A Column About Columns

I blog a lot about Agilent columns.  What are they?  And what do they do?

A gas or liquid chromatograph analyzes an unknown sample by separating it into its individual chemical components.  The column is the part of the instrument that performs this separation.  A column is a long tube lined with specialized chemicals.  As a sample makes its way through the tube, certain components will “stick” to the inside of the tube, causing them to separate and flow through more slowly.

Agilent’s resident professor Jim Hollenhorst has a great demonstration of separation that you can do with your kids.

Some of Agilent’s biggest innovations have been in column technology.

Decades ago, scientists used columns made of steel (which reacted with some analytes) or glass (which was extremely fragile).  In 1979, Hewlett-Packard (Agilent’s predecessor company) introduced fused-silica capillary columns, which were as inert as glass but extremely flexible.  The importance of this innovation cannot be overstated, as it paved the way for adoption of gas chromatography as a mainstream laboratory technique.  Founder David Packard considered this one of his company’s single greatest breakthroughs, as it revolutionized chemical analysis and enabled more compounds to be analyzed.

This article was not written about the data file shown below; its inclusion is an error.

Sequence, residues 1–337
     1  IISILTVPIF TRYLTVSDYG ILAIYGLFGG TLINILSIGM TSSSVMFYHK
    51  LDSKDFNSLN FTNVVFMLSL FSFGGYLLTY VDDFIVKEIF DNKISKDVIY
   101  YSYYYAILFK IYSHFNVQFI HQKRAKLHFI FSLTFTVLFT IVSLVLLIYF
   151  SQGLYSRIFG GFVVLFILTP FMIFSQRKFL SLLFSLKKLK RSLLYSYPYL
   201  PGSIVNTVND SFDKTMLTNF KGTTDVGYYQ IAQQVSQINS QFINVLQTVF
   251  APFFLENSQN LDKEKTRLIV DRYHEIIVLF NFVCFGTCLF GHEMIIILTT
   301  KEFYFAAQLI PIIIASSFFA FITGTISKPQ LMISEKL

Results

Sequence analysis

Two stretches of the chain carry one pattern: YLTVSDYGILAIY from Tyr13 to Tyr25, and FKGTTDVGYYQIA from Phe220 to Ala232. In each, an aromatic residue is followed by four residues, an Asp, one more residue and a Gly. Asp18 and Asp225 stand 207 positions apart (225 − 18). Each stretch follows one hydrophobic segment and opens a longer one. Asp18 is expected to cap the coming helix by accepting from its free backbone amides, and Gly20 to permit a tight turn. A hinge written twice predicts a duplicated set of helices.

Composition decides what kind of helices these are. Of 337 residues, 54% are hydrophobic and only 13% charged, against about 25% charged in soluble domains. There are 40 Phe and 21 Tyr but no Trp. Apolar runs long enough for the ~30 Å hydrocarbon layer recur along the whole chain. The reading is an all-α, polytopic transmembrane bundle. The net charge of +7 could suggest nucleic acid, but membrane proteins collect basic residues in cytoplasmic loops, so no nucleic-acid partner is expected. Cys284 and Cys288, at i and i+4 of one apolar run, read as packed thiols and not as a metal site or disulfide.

Agilent continues to innovate column technology.  The Agilent Ultra Inert Flow Path overcomes the negative effects of any potentially active instrument parts interacting with analytes – including columns, liners and connectors.  And Agilent PLOT columns – used for samples that are gaseous at room temperature – continue to have capabilities no one else can offer, even after almost 20 years on the market.

In fact, we just introduced a new column that can analyze both esters and free fatty acids using a single column.  (Previously, this analysis typically required two different columns.)  A breakthrough for your bag of potato chips!

Thanks to Agilent scientists Farah Mavandadi, Norbert Reuter and Johan Kuipers for their help with today’s post.


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